By Mayank Chhaya, IANS,
Good sense seems to have prevailed in excluding India in general and Kashmir in particular from the mandate of Richard Holbrooke as the Obama administration’s special envoy for Afghanistan and Pakistan.
It would have been a diplomatic disaster to have added India to Holbrooke’s brief that could have seriously undermined US-India relations at a time when President Barack Obama needs all the goodwill he can get in South Asia. Such inclusion would have forced New Delhi to take an unequivocally confrontationist stance against Washington, a development the new administration could not risk within just days of taking office.
Including Kashmir in Holbrooke’s mandate would have implied some sort of parity between what is going on in the border areas between Pakistan and Afghanistan and the situation in Kashmir. There was genuine apprehension that Obama would appoint a special envoy for Kashmir with former President Bill Clinton being mentioned as the likely appointment.
Apart from earning New Delhi’s displeasure such a move would have also handed Pakistan a significant justification to claim that Kashmir was finally coming under the kind of international attention it has always wanted. In the acute cross-border politics of symbolism of South Asia, there could not have been a more symbolically profound development than the appointment of a special envoy for Kashmir.
Besides, it is possible that the Obama administration is waiting to see how the Kashmir Valley progresses in the aftermath of fairly successful state assembly elections which have ensured the rise of the young but seasoned politician Omar Abdullah as its chief minister.
Compare this with the worsening situation in the Afghan-Pakistan border areas, particularly the Federally Administered Tribal Areas (FATA), which constitute a grave danger to the world. In a detailed report on FATA for the Center for Strategic and International Studies (CSIS) principal author Shuja Nawaz recently said this: “This most dangerous spot on the map may well be the source of another 9/11 type of attack on the Western world or its surrogates in the region. Should such an attack occur, it likely will be spawned in the militancy that grips FATA and contiguous areas in Afghanistan and Pakistan today.”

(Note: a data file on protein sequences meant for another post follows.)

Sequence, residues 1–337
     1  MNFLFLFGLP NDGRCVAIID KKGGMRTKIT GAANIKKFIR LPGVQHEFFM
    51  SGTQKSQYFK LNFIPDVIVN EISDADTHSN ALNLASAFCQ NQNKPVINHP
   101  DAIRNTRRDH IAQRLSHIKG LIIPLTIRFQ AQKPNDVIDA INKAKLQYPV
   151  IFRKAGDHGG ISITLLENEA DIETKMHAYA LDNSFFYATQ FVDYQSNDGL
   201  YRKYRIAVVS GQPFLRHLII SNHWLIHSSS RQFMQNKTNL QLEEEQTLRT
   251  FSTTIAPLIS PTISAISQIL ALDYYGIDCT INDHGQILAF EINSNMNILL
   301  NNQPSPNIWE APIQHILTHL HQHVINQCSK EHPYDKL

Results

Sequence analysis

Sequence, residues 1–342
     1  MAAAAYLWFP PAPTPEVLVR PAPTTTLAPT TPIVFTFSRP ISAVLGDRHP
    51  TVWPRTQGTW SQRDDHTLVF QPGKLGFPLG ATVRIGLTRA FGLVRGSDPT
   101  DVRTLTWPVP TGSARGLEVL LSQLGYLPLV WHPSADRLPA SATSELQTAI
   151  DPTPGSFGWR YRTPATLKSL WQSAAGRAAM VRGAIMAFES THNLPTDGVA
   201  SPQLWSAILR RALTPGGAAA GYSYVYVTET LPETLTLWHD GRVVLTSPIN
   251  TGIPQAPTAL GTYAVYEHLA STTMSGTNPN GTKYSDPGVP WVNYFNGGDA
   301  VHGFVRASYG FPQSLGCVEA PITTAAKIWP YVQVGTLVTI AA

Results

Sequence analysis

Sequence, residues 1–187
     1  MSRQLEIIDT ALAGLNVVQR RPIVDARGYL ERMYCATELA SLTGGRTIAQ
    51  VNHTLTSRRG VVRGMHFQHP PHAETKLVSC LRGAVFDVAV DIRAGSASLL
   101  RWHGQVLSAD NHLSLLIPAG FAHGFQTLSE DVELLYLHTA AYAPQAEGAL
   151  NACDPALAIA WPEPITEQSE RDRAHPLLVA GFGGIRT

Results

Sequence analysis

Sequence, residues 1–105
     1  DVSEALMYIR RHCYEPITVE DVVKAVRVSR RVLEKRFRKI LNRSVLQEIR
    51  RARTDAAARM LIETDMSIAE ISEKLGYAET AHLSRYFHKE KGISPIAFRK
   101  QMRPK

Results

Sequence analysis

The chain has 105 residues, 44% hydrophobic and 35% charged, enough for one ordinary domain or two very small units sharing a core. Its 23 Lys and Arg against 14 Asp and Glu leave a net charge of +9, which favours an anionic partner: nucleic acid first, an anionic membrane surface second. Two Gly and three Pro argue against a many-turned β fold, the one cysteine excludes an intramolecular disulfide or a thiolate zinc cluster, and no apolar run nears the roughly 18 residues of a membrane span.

It makes perfect sense for Obama to pay particular attention to Pakistan and Afghanistan, even though it may be tempting to call for the resolution of the Kashmir problem which has been successfully exploited by groups such as Lashkar-e-Taiba to draw in aimless young men and turn them into terrorists.
Another reason why India has been left out of Holbrooke’s Terms of Reference could be that the Obama administration believes by doing so it has earned New Delhi’s trust to separately broach the subject of Kashmir’s resolution as a means to the larger end of overall stability in the region. It would not be surprising if India has subtly indicated its willingness to discuss Kashmir with the US informally.
Considering that Obama had specifically spoken in terms of stepping up US engagement in Kashmir during his election campaign, the absence of that from Holbrooke’s brief must be regarded as an important concession. The fact that Hillary Clinton is Obama’s secretary state and that she has a strong Indian American constituency may also have played a role in the decision. Usually such diplomatic concessions are made incumbent upon a future quid pro quo.
To saddle India with a special envoy after the US leaned on it heavily against mounting any surgical strikes on Pakistani targets in retaliation for the Nov 26 Mumbai terror attacks would surely have made the Manmohan Singh government’s position particularly vulnerable. Even the generally amenable Singh government would have openly opposed the US.
It would be interesting to see how Holbrooke’s plan for Afghanistan and Pakistan plays out in the next few months. No one should be surprised if Islamabad does make Kashmir resolution as one of the conditions to cooperate with the Obama administration.
(27-01-2009-Mayank Chhaya is a US based writer and commentator. He can be contacted at [email protected])